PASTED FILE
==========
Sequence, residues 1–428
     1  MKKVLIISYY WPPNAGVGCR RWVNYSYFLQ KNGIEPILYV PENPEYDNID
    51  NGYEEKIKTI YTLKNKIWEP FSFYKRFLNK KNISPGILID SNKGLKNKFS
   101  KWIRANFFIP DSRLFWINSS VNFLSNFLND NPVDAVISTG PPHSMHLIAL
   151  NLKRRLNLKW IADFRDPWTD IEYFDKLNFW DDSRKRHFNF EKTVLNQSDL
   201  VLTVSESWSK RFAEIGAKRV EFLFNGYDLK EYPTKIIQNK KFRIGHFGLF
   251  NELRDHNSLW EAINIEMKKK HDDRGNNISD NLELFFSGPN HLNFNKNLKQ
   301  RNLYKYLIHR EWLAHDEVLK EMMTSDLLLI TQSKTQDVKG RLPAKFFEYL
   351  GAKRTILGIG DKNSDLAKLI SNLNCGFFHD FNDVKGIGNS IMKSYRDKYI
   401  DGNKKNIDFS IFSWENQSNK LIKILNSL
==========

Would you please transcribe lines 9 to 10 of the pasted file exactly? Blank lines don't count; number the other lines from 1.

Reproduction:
   351  GAKRTILGIG DKNSDLAKLI SNLNCGFFHD FNDVKGIGNS IMKSYRDKYI
   401  DGNKKNIDFS IFSWENQSNK LIKILNSL